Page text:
Reading Hospital Foundation opens Serenity Space for parents who face death of newborn

Reading Hospital Foundation opened a special Serenity Space for maternity patients and their families to cope with the death of an infant.

The room is designed to provide a quiet, calm and more relaxing environment where important communication can occur among patients, their families and healthcare providers, and support team when coping with severe illness or death of an infant. Staff may also meet to discuss challenging cases and provide support to one another.

The room was funded by an employee grant program from the family of the late Russell Bickel Jr. to support a project that improves patient-centered care, with a special focus on communication with patients and family and care providers. The Serenity Space grant application was co-authored by obstetric nurses Kelly Bower and Melissa Spang.

“The Reading Hospital Beginnings Maternity team has had a bereavement program in place for many years,” said Bower. “Within the hospital environment, it is extremely difficult to find a quiet space where mothers and fathers can receive the news that their baby is either no longer living or is not expected to live beyond the initial hours after delivery. We created the Serenity Space as an area where grieving families can go to be alone, or to talk quietly with their providers. It will also be a place where staff can retreat to gather their thoughts and reflect after a traumatic event.”

The Serenity Space is set away from the busy patient care areas to provide privacy. The room includes self-help and inspirational materials and support resource information.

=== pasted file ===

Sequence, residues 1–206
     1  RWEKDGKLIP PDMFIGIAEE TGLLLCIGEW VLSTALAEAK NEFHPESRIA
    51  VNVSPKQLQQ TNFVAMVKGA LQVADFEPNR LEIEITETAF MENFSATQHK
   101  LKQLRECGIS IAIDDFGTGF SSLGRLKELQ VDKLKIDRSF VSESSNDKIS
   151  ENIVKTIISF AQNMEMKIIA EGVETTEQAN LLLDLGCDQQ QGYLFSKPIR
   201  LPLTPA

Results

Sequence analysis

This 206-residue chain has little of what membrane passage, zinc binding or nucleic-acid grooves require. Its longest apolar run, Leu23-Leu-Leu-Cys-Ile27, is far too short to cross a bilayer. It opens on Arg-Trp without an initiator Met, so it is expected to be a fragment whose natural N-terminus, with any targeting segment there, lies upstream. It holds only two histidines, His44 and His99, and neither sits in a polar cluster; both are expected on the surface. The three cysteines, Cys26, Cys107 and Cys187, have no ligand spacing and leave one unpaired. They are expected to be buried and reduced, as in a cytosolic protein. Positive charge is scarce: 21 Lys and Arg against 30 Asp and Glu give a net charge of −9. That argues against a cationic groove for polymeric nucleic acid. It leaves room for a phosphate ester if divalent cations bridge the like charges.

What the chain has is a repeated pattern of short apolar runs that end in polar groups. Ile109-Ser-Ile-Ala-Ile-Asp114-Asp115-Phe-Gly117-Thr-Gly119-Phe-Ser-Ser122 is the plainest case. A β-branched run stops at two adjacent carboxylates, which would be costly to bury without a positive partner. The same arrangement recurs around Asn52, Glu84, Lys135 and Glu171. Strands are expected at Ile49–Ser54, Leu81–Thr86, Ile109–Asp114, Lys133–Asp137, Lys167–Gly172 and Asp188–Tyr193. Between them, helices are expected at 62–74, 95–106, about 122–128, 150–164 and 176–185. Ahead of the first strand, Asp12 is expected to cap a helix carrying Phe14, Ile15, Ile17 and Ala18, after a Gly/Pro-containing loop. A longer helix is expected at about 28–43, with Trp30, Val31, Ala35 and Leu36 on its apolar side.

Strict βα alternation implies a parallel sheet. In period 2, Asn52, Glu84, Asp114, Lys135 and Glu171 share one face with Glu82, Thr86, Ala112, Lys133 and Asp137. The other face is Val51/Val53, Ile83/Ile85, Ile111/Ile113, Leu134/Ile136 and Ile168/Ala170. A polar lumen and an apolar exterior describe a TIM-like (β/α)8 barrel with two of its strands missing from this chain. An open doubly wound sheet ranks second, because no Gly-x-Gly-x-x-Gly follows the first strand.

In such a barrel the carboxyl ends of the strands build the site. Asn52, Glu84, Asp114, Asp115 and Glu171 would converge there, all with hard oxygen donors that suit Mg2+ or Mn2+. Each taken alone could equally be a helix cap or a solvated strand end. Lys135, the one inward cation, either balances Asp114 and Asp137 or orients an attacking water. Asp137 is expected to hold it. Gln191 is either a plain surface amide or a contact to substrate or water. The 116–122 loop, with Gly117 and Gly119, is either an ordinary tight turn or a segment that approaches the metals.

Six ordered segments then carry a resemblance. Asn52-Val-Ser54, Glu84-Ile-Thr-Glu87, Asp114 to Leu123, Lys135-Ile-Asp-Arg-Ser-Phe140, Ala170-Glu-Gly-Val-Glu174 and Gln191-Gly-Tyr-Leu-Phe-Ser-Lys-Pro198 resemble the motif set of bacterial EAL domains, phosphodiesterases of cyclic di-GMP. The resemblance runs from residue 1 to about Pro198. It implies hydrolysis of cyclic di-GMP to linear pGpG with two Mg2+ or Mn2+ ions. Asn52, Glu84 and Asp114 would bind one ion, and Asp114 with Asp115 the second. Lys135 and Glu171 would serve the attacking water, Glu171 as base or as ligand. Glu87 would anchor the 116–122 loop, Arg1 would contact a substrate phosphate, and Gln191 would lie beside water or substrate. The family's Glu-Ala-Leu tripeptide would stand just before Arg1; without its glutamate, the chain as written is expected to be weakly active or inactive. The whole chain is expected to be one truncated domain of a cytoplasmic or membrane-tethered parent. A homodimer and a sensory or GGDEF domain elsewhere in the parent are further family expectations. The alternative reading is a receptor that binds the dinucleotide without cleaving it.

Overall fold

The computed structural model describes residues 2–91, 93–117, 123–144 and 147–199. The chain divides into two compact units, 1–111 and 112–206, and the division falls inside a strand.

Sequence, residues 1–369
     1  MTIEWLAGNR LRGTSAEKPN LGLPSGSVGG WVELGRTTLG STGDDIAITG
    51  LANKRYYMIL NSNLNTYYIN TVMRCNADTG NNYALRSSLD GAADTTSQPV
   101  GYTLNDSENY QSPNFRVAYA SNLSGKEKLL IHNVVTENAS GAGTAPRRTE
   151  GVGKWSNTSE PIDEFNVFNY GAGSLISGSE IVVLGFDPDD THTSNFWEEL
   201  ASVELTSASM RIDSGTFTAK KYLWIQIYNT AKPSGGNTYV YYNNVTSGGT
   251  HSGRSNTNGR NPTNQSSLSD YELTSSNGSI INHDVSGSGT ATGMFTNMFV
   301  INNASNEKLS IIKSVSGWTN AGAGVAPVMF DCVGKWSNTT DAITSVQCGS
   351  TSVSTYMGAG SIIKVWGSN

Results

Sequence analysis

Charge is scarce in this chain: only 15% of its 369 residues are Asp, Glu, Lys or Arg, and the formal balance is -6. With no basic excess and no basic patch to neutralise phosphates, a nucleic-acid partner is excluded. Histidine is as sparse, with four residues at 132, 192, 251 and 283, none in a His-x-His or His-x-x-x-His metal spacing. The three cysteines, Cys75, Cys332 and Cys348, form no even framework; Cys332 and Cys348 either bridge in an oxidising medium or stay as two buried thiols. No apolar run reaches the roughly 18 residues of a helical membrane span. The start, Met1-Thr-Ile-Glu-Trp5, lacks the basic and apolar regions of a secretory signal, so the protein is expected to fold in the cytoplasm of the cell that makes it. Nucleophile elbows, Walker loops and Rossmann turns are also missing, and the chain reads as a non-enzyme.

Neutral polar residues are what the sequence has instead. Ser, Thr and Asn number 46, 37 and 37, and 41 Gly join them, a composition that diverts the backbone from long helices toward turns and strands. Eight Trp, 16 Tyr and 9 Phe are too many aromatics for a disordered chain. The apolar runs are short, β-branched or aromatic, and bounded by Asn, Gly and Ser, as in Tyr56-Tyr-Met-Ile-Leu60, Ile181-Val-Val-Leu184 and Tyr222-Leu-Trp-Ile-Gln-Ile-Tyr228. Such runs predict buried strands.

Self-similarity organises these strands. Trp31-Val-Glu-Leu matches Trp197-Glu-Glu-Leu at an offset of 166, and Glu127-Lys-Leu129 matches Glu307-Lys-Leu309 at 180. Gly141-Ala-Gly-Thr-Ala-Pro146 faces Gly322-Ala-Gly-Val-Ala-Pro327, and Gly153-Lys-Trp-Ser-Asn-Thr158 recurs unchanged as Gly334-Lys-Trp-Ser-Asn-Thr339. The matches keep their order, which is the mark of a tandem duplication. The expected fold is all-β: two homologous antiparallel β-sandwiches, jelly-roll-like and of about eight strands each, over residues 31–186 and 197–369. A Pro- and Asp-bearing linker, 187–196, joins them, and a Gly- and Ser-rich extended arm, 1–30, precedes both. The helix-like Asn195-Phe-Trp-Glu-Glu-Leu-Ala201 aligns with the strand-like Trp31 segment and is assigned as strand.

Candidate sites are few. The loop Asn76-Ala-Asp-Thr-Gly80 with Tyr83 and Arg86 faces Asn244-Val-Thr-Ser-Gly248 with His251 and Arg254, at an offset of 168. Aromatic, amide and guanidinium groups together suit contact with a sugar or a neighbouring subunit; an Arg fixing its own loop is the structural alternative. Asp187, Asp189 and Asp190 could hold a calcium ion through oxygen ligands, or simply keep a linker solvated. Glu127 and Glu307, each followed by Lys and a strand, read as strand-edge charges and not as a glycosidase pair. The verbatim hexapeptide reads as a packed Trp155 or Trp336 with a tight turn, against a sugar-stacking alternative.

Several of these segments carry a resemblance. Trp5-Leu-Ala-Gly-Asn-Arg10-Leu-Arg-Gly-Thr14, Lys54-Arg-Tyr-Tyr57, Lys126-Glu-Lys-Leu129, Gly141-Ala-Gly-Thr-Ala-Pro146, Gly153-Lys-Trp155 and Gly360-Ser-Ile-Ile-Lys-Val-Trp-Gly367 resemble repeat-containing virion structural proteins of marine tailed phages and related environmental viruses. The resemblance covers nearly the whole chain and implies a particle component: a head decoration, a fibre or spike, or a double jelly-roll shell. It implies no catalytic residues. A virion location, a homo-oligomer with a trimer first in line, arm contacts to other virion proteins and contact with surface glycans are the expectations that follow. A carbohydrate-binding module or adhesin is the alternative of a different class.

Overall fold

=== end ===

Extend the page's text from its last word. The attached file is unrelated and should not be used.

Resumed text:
“Communication between patients and providers is critical,” said Swoyer. “The Russell S. Bickel, Jr. Memorial Grant Fund for Quality Improvement was started to support and strengthen the patient and provider relationship. This room is so significant for families dealing with loss, and I am honored that my brother’s legacy will support such an important initiative.”

“The Reading Hospital Foundation appreciates the ongoing support of Barbera Swoyer and the Bickel family to identify projects that encourage communication between patients, their families, and providers,” said Katherine Thornton, Reading Hospital Foundation president. “We are proud to be able to provide this safe space for those who need it.”

Reading Hospital adds emergency tent, virtual ICU

Reading Hospital has added an emergency tent adjacent to the hospital’s emergency department, one of several changes to adjust to the hospital’s needs during the COVID-19 crisis.

The tent will add capacity and be used to treat suspected COVID-19 patients, according to the Tower Health Network, the Reading-based parent health organization of Reading Hospital. The tent can also be used for future emergencies as needed.

In addition, a virtual intensive care unit will allow the hospital’s critical care physicians to remotely monitor patients in all ICU’s and provide direction to caregivers onsite. The virtual intensive care unit will be a permanent fixture at Reading Hospital after the pandemic is over, according to Tower Health.

The hospital has also placed a trailer on site to serve as a temporary morgue in the event their internal facilities reach capacity.

Reading Hospital Foundation, a non-profit dedicated to helping the hospital fund its mission, donated $250,000 dollars to help pay for these COVID-19-related changes.

“The Foundation is here to support the Reading Hospital community, physicians, and staff,” said Jeff Rush, Foundation chairman in a statement. “We’ve never seen anything like this in the storied history of our hospital and we are committed to providing the assistance needed at this critical time.”